Physics of a breakup

The Physics of a Breakup by

Time is relative and slows at high speeds.


I’m waiting for her, inexplicably thinking about physics. It went downhill fast—three days; it felt like a year.


Booze bottles glow clear, honey, and auburn on the backlit bar. Piped in Jazz muffles pre-dinner menu conversations.


String Theory, time reverberating like a guitar string, multiple realities.


I think about me waiting here in another dimension, one where she’s still happy, not fucking him.


Maybe just some mid-life shit, I hope.


 She’s late.


I finish my whiskey. I catch the barkeep’s eye.


“Double Makers, neat.”


I hate this soulless restaurant bar. Her choice.


Energy doesn’t dissipate.


From my rudimentary understanding I extrapolate past and future lives are possible. In how many lives have we argued? Fucked? Done dope, got drunk, aborted our little mistake? I don’t look forward. I want it to work now.


I look at my phone, 3:46 pm, no text. She is fucking late.


Time as a status symbol.


I check my watch, her wedding gift to me. She’s now thirty-nine minutes late. Probably fucking him, I think.


Who wears a watch these days? A pretentious prick like me–that’s who. Hello drunk self-loathing my old friend. That chunk of Swiss steel on my wrist could feed a village in some shit-hole country for a week. Then, I imagine her new man as the cruel dictator of such a place, sporting this piece of unnecessary horology, this $10,000 phallic compensator on his wrist.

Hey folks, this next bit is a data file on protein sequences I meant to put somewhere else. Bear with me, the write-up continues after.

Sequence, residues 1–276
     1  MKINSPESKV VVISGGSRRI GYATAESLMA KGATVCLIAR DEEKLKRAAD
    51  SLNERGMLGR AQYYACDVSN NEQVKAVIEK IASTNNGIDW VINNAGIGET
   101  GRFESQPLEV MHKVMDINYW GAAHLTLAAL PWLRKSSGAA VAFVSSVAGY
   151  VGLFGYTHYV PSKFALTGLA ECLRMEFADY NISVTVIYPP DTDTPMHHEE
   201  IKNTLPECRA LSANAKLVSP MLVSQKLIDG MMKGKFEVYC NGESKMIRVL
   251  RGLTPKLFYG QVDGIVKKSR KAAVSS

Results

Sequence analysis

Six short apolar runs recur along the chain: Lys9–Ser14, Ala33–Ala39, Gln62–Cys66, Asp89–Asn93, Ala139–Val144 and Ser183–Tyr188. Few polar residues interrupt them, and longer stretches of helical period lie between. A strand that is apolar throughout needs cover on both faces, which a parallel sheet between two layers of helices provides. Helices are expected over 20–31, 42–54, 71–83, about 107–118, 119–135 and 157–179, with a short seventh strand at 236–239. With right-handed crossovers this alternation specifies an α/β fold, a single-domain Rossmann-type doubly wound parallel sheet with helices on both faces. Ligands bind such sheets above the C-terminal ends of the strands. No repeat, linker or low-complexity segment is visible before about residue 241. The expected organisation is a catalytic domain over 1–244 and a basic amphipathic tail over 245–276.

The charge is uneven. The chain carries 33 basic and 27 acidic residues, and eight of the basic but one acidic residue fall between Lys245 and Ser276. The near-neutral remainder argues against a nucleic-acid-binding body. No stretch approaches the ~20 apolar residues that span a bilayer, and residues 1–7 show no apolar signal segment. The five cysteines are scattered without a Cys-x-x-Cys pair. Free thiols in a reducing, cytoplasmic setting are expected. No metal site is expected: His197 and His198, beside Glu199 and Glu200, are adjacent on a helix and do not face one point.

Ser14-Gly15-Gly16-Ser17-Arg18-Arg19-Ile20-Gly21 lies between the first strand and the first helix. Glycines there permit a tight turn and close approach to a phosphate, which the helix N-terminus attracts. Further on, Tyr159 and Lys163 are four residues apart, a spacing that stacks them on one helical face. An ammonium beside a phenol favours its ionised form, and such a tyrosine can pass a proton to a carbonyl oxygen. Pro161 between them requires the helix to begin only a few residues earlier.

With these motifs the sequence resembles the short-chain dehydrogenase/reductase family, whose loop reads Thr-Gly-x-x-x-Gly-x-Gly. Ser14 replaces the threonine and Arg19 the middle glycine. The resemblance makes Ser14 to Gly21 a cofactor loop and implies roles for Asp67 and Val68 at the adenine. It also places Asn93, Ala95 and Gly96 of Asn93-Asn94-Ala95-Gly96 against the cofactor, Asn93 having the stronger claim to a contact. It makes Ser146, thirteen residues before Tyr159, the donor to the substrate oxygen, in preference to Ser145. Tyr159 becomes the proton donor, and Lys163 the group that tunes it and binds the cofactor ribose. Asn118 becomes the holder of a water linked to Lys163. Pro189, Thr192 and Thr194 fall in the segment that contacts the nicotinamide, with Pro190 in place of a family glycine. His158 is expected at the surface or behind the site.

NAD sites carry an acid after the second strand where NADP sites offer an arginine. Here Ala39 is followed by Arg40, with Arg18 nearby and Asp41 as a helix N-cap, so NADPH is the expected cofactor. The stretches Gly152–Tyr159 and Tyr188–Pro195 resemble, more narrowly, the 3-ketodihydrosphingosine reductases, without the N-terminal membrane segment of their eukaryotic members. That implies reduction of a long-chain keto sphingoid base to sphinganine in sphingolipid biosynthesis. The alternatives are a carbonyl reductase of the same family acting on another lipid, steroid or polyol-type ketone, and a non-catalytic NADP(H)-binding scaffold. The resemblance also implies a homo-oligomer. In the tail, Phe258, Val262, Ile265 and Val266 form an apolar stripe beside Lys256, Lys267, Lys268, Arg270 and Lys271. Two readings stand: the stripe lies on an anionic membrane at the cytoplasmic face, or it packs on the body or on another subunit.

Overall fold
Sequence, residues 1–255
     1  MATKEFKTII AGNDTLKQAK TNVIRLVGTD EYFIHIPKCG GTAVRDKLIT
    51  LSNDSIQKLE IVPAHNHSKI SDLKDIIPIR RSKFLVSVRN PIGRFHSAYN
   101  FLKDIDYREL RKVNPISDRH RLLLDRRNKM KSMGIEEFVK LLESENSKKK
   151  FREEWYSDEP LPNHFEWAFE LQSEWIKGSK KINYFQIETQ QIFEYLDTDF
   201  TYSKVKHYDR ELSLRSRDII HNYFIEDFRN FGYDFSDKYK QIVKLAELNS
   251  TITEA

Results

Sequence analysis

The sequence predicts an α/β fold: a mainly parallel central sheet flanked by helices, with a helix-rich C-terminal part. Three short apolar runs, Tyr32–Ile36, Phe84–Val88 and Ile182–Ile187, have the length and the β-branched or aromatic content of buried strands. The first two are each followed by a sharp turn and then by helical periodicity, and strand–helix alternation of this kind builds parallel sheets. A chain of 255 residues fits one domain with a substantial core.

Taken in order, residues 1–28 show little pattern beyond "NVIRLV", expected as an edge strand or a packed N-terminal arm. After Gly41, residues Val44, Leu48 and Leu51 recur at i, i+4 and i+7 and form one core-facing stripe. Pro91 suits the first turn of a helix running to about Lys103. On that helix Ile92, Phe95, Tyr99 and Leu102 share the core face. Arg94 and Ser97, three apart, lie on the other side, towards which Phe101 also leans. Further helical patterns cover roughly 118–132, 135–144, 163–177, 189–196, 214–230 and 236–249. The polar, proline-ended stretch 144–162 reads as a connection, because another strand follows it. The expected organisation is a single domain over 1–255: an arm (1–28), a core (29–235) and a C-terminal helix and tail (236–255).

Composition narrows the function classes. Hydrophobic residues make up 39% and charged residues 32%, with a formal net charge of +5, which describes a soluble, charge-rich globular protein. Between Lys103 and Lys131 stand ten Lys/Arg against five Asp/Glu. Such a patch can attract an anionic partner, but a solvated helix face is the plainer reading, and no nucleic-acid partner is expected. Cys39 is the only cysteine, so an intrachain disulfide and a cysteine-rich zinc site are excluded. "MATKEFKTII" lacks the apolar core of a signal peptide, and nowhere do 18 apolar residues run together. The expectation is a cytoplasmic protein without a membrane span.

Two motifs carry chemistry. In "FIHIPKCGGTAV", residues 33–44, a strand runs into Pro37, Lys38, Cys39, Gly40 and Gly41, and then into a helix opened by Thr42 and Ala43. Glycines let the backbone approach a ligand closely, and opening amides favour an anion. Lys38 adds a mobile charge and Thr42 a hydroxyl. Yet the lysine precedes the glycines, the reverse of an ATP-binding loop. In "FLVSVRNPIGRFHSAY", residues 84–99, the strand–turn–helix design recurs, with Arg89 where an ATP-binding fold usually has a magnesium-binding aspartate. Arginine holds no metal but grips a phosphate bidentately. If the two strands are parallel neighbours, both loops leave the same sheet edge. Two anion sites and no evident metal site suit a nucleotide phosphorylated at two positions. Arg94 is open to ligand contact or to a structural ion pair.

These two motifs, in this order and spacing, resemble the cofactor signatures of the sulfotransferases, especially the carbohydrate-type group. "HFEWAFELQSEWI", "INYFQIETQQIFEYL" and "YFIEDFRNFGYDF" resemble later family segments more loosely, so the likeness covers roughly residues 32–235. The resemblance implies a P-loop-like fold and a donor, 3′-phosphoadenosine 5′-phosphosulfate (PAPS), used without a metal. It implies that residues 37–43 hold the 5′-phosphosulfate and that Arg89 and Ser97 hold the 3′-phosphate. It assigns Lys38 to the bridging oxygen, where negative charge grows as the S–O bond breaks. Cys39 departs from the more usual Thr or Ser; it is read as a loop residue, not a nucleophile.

I signal for another round. The barkeep nods.


She’s probably not coming, I think.


Blood alcohol content is a function of time, quantity, and speed.


I’m drunk.


She just pulled up. She texts: “Trying to park.”


I see her first. She looks happy, sexy. I feel sick.


“Hey,” she says.


Time is a paradox simultaneously infinite and limited.


She continues, “I’m at a meter and only have 30 minutes.”


1800 seconds.


“You’re late.”


“Traffic was awful. Please don’t start. Ok?”


Party time.


Happy hour lasts another five minutes. She waves the barkeep over.


He checks her out. He’s younger, handsome. She’s too young to be his mom, too old to be his sister.


“Cosmo, please.”


She smiles at him, I know she’s thinking, “My MILF days aren’t over yet.”


“Give us another chance. Please.”


She looks at me. It is a look of pity. It hurts like a gut punch.


Wormholes are short cuts in time through space.


“Listen, we had a good run, but our time together is over,” she says.


“We have lots of time ahead of us.”


“No, we don’t.”


I signal the bartender.


All systems eventually move to entropy.


“We just don’t work as a couple anymore. Sorry,” she says.


“Sir, you might want to slow down,” the bartender says.


Sir? He might have well said “dad.”


I take off my Rolex, and hand it to him.


“This should cover it.”


“Have a good life,” I say to her.


They both look stunned.


I stand up and leave.


Time just ran out.






JD Clapp lives and writes in San Diego, CA.


Photo by JD Clapp





Posted in

Leave a Reply

Your email address will not be published. Required fields are marked *